Moving forward, our approach must be one that strategically matches new recruits – both recent grads and mid-career professionals – to clearly identified business needs.
CRA has shown remarkable leadership by formally recognizing the important role of the agency’s managers with the creation of your management/gestion (mg) group.
The agency’s competency-based human resources management approach is also serving you well and providing a strong foundation for many facets of your human resources management.
IT Related Challenges and Web 2.0
The Public Service is like an extended family. It is home to multiple generations and we all work together.
Unsurprisingly different members of this family have different approaches to work:
Some public servants may feel left behind or nervous about the rapid technological advances taking place in our world. We cannot ignore this fact.
While there are others, including many of our newer recruits, who are completely at ease with social media.
Working with wikis, or within “flat” organizations (organizations without hierarchies), is simply normal to them.
They want their workplace to be collaborative and to facilitate real-time communication (instant messaging).
And why shouldn’t they when an increasing number of organizations such as provincial governments and a growing number of private sector employers meet these expectations?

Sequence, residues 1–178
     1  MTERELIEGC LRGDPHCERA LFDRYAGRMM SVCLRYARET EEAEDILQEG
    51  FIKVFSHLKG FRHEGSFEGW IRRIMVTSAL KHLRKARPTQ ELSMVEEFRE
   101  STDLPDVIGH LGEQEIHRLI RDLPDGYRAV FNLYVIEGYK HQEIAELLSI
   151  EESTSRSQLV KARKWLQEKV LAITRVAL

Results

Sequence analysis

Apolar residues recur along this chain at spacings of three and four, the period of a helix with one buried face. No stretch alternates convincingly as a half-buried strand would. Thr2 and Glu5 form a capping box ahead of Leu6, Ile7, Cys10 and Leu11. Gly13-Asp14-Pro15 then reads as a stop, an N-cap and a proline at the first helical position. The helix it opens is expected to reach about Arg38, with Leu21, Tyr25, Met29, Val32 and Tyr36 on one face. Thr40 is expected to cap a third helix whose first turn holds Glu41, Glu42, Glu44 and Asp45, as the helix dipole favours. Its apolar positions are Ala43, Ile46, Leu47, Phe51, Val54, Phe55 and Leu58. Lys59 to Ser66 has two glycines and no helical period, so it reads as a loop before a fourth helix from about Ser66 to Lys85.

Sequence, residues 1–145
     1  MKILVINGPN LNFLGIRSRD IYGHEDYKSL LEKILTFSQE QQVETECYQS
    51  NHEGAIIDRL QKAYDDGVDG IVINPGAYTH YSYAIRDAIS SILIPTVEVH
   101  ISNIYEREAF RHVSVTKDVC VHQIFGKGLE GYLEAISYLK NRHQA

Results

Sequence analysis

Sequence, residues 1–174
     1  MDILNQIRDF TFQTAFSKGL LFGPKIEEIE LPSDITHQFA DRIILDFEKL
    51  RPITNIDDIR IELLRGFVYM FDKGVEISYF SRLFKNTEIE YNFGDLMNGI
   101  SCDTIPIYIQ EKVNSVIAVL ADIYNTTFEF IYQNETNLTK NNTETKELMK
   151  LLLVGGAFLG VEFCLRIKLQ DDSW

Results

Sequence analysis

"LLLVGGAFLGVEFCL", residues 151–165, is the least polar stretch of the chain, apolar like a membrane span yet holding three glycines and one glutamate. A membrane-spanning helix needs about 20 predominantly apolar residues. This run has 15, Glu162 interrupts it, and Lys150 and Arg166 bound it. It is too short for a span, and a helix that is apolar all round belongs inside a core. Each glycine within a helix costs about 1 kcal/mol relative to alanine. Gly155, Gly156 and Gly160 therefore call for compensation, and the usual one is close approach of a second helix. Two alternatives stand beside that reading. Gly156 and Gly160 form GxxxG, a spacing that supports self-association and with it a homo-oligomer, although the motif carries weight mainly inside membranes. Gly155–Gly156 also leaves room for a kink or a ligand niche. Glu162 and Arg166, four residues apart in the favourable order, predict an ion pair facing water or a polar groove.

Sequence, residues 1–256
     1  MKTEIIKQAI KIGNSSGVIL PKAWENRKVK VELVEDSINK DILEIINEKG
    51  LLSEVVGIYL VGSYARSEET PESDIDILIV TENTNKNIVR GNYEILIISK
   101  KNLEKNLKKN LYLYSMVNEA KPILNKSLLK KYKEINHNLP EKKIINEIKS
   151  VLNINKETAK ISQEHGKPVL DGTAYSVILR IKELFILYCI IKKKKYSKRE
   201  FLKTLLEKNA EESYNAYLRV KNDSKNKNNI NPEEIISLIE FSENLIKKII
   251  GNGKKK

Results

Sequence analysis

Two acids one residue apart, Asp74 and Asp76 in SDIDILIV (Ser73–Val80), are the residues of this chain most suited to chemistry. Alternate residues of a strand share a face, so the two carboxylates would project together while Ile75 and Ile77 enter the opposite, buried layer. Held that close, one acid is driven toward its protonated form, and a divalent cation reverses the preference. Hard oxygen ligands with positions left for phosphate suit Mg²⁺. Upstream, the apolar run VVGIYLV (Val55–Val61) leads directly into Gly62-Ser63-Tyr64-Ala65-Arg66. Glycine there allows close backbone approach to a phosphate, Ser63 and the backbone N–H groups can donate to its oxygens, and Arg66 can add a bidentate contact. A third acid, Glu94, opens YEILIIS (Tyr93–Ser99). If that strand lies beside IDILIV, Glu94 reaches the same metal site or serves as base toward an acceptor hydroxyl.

To add to our challenge, many of our core systems have not kept pace with technological advances.
Some of our information technology platforms and back-office systems have been with us for more than 30 years.
Of course, this is no secret, and the auditor general noted the GC’s it deficiencies in her report yesterday.
Ms. Fraser has stated that we will have to spend billions of dollars to upgrade our IT systems and ensure that service to Canadians is not compromised.
While there may not be a lot of buzz or excitement around this herculean task, it is critical, and this is why I raise the issue of workplace renewal whenever I can.
Without significant upgrades we will:
- Become inefficient and ineffective;
- Risk the longevity and long-term success of the public service;
- Lose our status as an employer of choice;
- Fail to provide our employees the tools they need to do the best job possible; and
- Compromise outstanding service to Canadians.
CRA IT Challenges
Your organization has an extensive track record in running both efficient back-office operations and multi-channel services for the public.
I know that Daniel Jean, the deputy minister leading this review, met recently with Linda to discuss the review.
I understand that the CRA will contribute its expertise in the examination of internal service functions; and services to citizens.
As the popularity of internet transactions grows, your organization is working to expand online services while maintaining the in-person, phone and mail services on which many Canadians rely.